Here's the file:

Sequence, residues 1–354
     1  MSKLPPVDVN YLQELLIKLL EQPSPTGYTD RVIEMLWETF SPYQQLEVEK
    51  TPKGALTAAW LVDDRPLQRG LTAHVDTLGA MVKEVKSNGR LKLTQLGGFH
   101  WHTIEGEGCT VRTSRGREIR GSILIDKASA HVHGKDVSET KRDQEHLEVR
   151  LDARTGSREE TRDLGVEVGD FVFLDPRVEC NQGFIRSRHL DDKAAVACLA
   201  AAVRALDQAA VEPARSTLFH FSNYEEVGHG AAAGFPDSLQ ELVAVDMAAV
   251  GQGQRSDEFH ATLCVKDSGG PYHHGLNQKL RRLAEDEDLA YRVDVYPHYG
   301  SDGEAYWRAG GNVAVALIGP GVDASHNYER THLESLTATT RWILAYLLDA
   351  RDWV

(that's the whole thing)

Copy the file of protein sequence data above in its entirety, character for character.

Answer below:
Sequence, residues 1–354
     1  MSKLPPVDVN YLQELLIKLL EQPSPTGYTD RVIEMLWETF SPYQQLEVEK
    51  TPKGALTAAW LVDDRPLQRG LTAHVDTLGA MVKEVKSNGR LKLTQLGGFH
   101  WHTIEGEGCT VRTSRGREIR GSILIDKASA HVHGKDVSET KRDQEHLEVR
   151  LDARTGSREE TRDLGVEVGD FVFLDPRVEC NQGFIRSRHL DDKAAVACLA
   201  AAVRALDQAA VEPARSTLFH FSNYEEVGHG AAAGFPDSLQ ELVAVDMAAV
   251  GQGQRSDEFH ATLCVKDSGG PYHHGLNQKL RRLAEDEDLA YRVDVYPHYG
   301  SDGEAYWRAG GNVAVALIGP GVDASHNYER THLESLTATT RWILAYLLDA
   351  RDWV